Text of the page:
Conviction in pot-growing case

Portland man used Vancouver house as part of operation

By Patty Hastings, Columbian Social Services, Demographics, Faith



A Portland man was found guilty by a federal judge of conspiracy to manufacture and distribute marijuana, two counts of manufacturing marijuana, mortgage fraud and wire fraud, according to a bulletin from United States Attorney Amanda Marshall with the District of Oregon.

In late 2010 the Clark-Skamania Drug Task Force, now the Clark-Vancouver Regional Drug Task Force, and the Multnomah County Sheriff’s Office Special Investigations Unit received an anonymous letter about Tu Ngoc Tran’s marijuana trafficking in Oregon and Washington. On Dec. 21, investigators served a search warrant at three locations, including a residence in Vancouver, where officers found 238 marijuana plants, the bulletin said.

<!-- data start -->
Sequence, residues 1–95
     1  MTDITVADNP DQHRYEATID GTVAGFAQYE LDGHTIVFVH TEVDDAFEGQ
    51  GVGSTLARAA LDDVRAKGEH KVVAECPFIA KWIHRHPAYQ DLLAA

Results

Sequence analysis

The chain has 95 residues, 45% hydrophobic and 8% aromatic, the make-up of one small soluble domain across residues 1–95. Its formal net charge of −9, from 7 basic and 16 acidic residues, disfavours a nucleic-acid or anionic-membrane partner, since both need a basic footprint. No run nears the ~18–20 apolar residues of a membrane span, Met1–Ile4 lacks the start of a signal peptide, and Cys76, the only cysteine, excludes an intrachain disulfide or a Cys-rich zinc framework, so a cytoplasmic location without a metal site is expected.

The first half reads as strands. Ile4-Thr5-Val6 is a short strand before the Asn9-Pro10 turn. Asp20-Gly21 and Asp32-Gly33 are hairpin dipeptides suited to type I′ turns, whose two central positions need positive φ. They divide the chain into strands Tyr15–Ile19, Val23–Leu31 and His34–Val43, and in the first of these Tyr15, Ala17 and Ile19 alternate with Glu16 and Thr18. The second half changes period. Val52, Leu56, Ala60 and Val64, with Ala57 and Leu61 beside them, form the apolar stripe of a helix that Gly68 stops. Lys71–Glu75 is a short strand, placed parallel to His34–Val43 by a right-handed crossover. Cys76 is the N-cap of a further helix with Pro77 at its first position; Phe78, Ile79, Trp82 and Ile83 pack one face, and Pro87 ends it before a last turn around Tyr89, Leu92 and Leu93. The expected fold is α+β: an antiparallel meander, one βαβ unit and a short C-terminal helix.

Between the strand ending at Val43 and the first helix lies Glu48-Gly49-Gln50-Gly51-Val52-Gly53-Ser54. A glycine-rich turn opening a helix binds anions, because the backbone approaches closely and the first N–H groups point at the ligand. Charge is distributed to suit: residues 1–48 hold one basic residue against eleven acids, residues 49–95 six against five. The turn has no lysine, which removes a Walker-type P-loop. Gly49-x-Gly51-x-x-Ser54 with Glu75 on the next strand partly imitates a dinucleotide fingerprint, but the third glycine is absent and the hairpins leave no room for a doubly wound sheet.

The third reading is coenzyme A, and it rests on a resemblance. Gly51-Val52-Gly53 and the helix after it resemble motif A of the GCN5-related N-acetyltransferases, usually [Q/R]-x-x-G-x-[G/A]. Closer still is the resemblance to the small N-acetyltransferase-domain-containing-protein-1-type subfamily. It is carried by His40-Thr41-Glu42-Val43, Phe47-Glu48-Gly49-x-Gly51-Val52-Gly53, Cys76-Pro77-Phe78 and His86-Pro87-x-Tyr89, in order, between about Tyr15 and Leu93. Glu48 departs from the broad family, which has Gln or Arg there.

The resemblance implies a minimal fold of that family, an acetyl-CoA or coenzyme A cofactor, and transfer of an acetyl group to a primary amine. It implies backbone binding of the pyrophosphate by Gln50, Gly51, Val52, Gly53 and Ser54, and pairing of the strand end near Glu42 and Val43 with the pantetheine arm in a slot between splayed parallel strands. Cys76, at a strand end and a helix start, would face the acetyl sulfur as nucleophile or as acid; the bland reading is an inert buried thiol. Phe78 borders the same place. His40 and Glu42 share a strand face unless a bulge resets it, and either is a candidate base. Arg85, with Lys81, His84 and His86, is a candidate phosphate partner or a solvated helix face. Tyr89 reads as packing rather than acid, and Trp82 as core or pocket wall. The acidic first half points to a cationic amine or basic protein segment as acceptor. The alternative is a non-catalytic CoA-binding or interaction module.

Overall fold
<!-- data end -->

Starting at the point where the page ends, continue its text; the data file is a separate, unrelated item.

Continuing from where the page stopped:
Investigators discovered Tran made false statements on loan applications in 2009 to secure mortgages on two houses used to grow marijuana, the bulletin said. The properties were seized for forfeiture, along with four vehicles used to transport marijuana.

When arrested, Tran claimed to a grower and caregiver for 10 patients under the Oregon Medical Marijuana Program, the bulletin said.

Sentencing is set for Feb. 25. Tran faces 40 years in prison and a $5 million fine.

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